Temple University

Public Goods, Commons Goods and Collective Goods

Name

A. Public Goods Mosquito control in Metropolis is a pure public good. In Metropolis there are just two residents: Art (a) and Bart (b). Art has the following marginal valuation for mosquito control: MVa = 100 - y, where y is the quantity of mosquito control. Bart's marginal valuation of mosquito control is MVb = 60 - 3/5 y.  Let the marginal cost of mosquito control be constant at \$40.

1. What is the greatest quantity of mosquito control that Art is willing to consume?

2. What is the greatest quantity of mosquito control that Bart is willing to consume?

3.  What is the most that Art would be willing to pay for 50 units of mosquito control?

4. What is the most that Bart would be willing to pay for 50 units of mosquito control?

5. What is Art's and Bart's combined willingness to pay for 50 units of control?

6. What is the socially optimal level of control?

7. What is Art's and Bart's combined marginal valuation of the socially optimal level of control?

8. Would either Art or Bart bear the entire cost of the socially optimal level of control?

9. Would Art and Bart agree to share equally the cost mosquito control at the optimal level? Yes    No

B. The Commons An isolated village surrounded by wilderness contains a cultivated banana grove.  Bananas (B) are the only consumption good.  The number of villagers working in the grove is Lg and the number of villagers working in the wilderness is Lw. The grove produces bananas according to the function B = 12Lg - Lg2 .  Bananas also grow in the wild, where the production is governed by B = 2Lw. There are 12 identical workers in the village.

10. What is the marginal product of labor in the grove? MPg =

11. What is the marginal product of labor in the wilderness? MPw =

12. If you were a benevolent dictator how would you allocate the workers between the village grove and the wilderness in order to maximize output?

Lg   Lw    Bg   Bw =

Nobody owns the wilderness.  Suppose also that no one owns the grove and you have retired as dictator.

13. The problem that faces the community is how intensively to harvest the commons (the grove).  Suppose that additional workers enter the grove until the marginal product of another worker is zero.  How many workers will be put to work in the grove  and how any will go to work in the wilderness ?  What will be total output under that arrangement?

14. It is proposed that the village be operated on communist principles: Each person produces to his/her ability and each consumes to her needs.  The logical consequence is that villagers be assigned to the grove and to the wilderness until the output per worker is the same in both places. Under this new regime how will workers be allocated between the gorve and the wilderness and what will be the total production of bananas?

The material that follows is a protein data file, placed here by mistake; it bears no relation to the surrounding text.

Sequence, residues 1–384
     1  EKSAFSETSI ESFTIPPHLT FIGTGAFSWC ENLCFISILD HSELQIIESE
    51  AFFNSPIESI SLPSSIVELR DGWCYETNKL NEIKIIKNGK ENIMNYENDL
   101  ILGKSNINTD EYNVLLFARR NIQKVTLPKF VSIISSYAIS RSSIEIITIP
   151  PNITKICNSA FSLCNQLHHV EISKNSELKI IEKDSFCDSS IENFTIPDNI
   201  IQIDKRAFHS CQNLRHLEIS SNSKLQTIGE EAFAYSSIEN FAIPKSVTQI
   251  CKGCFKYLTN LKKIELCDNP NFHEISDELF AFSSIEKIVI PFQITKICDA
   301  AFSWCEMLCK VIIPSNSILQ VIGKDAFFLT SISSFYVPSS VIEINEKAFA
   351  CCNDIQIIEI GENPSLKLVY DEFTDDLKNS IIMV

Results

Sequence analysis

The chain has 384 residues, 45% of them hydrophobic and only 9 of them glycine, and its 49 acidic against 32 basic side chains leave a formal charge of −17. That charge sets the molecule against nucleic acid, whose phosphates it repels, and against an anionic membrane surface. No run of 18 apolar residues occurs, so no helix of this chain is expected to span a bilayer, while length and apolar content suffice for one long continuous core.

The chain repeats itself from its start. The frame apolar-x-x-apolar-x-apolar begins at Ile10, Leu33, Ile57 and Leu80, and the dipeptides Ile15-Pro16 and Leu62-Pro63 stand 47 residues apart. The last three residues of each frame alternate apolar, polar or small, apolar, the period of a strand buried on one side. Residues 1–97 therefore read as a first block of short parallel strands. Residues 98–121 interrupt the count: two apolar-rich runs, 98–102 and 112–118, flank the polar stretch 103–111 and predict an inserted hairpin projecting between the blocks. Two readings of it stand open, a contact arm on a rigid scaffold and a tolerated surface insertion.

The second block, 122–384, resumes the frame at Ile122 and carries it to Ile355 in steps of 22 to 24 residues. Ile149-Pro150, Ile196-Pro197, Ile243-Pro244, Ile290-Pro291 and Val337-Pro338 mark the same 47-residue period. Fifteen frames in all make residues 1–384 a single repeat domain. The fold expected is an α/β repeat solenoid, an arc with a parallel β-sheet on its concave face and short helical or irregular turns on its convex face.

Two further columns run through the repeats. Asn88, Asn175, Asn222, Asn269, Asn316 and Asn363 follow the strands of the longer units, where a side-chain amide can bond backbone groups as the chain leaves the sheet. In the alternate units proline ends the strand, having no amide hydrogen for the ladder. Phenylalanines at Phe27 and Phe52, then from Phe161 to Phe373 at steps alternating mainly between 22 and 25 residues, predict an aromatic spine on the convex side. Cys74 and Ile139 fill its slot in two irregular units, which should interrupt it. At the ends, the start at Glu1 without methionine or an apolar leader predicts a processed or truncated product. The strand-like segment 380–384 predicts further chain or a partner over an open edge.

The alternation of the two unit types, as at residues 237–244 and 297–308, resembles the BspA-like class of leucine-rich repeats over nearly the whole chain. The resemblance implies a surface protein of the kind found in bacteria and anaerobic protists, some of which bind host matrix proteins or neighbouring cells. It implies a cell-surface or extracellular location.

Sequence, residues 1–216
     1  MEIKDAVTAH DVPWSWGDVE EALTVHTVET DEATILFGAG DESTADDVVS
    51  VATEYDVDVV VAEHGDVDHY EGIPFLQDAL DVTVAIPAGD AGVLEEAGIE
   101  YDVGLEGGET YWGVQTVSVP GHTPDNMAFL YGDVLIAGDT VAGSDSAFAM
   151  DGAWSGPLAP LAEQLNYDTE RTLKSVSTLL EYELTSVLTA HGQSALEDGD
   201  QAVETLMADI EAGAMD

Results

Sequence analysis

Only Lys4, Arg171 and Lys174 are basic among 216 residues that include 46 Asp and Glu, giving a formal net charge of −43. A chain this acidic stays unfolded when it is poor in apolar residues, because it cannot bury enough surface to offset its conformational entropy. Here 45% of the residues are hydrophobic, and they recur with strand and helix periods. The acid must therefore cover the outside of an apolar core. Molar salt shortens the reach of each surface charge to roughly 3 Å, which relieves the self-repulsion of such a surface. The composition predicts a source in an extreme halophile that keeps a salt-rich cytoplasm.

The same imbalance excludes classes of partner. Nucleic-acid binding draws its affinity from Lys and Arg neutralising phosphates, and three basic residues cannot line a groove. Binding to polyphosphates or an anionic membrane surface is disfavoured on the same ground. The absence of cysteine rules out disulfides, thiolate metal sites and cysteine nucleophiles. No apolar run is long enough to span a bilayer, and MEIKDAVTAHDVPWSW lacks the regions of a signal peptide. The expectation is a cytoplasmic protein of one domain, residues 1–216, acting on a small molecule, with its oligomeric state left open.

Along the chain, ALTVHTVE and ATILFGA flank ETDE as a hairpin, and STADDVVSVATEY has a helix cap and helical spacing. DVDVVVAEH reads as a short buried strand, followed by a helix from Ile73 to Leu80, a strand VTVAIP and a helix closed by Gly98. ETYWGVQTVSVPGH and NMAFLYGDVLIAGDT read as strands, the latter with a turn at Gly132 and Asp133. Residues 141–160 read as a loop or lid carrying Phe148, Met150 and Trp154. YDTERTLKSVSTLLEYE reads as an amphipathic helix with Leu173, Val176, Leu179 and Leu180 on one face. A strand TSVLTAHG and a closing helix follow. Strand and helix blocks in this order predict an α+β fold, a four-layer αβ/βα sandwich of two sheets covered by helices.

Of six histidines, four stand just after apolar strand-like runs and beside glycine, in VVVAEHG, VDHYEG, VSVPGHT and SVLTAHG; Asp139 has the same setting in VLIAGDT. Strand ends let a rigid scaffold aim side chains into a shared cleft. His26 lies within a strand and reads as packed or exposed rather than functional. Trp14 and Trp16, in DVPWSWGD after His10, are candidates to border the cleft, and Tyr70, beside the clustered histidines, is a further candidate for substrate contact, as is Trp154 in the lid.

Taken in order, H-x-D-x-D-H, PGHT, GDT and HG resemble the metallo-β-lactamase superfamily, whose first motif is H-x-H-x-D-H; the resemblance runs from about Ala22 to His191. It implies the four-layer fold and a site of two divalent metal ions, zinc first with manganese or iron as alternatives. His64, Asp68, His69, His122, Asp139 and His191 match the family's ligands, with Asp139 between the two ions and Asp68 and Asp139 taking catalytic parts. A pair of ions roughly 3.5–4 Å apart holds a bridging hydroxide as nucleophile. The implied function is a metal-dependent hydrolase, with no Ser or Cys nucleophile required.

Lg  Lw   B =

15. Suppose that each villager is given 1/12th of the grove to work as though it were his/her own.  Under this arrangement will be total banana production?

C. Collective Goods Two consumers are resident in Smallville.  The two consumers, Smith and Jones, have the following demand curves for hours of TV watching per day:

Ps = 12 - Q

Pj = 12 - 2 Q

Where Ps and Pj represent marginal willingness to pay values (reservation prices) for Smith and Jones, respectively, and Q represents the number of hours of TV they each watch.  Smith and Jones are the only two consumers in the market.  TV is  made available each day by Smallville Broadcasting Company (SBC). Initially SBC broadcasts over the air.  If you want to watch television you just need a TV set, which Smith and Jones both own.  Once you own a set, it costs nothing to watch TV.  SBC's marginal cost of an additional hour of broadcast TV is \$6. SBC is able to sell advertising time in order to just cover their cost of acquiring and broadcasting shows. Consumers regard the advertising as annoying, but tolerate it since it involves no out-of-pocket expense on their part.

16. What is the socially optimal number of hours that should be broadcast?

17. What is consumer surplus when TV shows are broadcast over the air?

18. What is producer surplus under the broadcast arrangement?

Suppose that SBC lays fiber optic cable in Smallville and ceases broadcast operations. Now TV shows are only available via cable.  If one does not pay the cable fee then one cannot view TV shows.  If Smith pays to view shows it is still possible for Jones to view the same show, and vice versa. The marginal cost of providing an hour of shows is still \$6, and for the time being we'll suppose that there are no fixed costs.

19. At a price of \$6 per hour how many hours of shows will Smith purchase?

20. At a price of \$6 how many hours of shows will Jones purchase?

21. How many hours of shows will SBC put on their cable service?

22. What is total consumer surplus?

23. What is producer surplus?